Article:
Figure 1. Relationships between wine carbon isotope discrimination ratio δ13C:12C and berry weight for the New Zealand Pinot noir Ideal vine study network in vintages 2018, 2019 and 2021. The dotted blue line at δ13C:12C of -27‰ represents a probable water deficit threshold.


What caused season and vineyard related differences in berry weight?

While vine water status is often the primary cause of reduced berry size, other seasonal factors can affect berry growth. For example, weather conditions during early berry development, leaf area at flowering or nitrogen supply between fruitset and véraison. In our study, bunch weights for Pinot noir Abel clone and, to a slightly lesser extent, berry number per bunch, were highly correlated to the mean maximum temperatures (Tmax) experienced 7 days either side of mid-flowering (Figure 2). Berry size was also significantly but less well correlated to the flowering period Tmax (R2 = 0.48; P <0.001). Across the country and seasons higher temperatures during the flowering period consistently led to a proportional increase in bunch weight from more and larger berries.

Figure 2. Relationship between the average maximum air temperature (Tmax) during the 7 days either side of mid-flowering and the average annual regional bunch weight (purple dots) and the berry number per bunch (orange dots) for Pinot noir Abel clone.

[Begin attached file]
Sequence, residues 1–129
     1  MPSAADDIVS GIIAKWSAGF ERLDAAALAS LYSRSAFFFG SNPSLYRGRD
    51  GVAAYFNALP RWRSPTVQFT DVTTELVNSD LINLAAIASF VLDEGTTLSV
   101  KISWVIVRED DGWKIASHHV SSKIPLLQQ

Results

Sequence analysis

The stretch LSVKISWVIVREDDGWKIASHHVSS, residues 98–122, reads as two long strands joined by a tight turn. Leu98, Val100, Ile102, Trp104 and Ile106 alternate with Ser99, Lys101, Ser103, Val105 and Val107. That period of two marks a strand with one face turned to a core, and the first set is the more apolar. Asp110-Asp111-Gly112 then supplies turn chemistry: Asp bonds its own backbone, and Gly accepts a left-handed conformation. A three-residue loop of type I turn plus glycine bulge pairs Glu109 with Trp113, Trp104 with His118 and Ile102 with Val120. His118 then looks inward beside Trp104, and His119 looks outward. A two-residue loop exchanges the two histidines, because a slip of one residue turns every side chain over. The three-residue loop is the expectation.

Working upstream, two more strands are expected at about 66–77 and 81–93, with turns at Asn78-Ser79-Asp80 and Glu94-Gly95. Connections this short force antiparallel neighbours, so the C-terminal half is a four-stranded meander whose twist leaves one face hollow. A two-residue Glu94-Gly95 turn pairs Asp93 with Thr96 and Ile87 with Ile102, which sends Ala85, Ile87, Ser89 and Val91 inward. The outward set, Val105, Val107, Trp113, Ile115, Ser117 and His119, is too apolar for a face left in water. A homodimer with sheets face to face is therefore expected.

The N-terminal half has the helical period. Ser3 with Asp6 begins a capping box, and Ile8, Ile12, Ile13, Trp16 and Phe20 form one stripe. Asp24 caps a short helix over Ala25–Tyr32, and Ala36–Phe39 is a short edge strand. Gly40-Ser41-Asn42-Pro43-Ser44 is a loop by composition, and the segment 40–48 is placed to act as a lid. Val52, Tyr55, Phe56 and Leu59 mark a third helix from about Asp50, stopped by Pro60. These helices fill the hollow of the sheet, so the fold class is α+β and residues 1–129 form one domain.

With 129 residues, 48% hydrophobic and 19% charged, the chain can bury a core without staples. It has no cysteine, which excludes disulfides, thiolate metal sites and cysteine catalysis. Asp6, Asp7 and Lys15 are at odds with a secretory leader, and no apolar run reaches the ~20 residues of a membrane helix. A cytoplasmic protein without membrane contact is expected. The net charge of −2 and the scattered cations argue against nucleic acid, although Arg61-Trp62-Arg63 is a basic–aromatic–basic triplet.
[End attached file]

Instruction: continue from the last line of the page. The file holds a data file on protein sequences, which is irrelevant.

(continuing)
Take-home messages

Smaller berries have higher colour and phenolic content per unit area of skin and proportionally higher marc:wine ratio that results in greatly increased Pinot noir wine colour density and total phenolics. The majority of vines in the Ideal vine study population did not experience water deficits which might otherwise account for differences in berry weight from year to year.

In New Zealand conditions, maximum temperature during flowering was a good predictor of Pinot noir (Abel clone) bunch and berry weight. It should, therefore, be possible to predict smaller and larger berried years from flowering weather data. Early warning of potential deficiencies in berry phenolic content would provide opportunities to implement targeted management techniques.

Manual green thinning should be used as a tool to reduce variation in bunch phenology and ensure a correct balance between leaf area and yield, but typically will not reduce berry size. Early leaf plucking will increase berry skin tannin, while mechanical shaking and deficit irrigation will more effectively reduce berry size than crop thinning.

Opportunities also exist to manipulate the marc:wine ratio in the winery through sorting and “saignée” techniques. Within the wider Pinot Noir Programme, our work provides hints that faster (active) sugar ripening paired with extended (passive) hang-time may also generate increases in the quantity and especially quality of berry phenolics, but solid proof remains elusive…


The authors would like to thank the 11 participating wine companies for providing the study vineyards and grape samples. This type of research is made possible by the intellectual contributions and passion of winemakers and viticulturists. For more information about the programme and these research aims, including full reports on methods used, please visit the members’ section of

Leave a Reply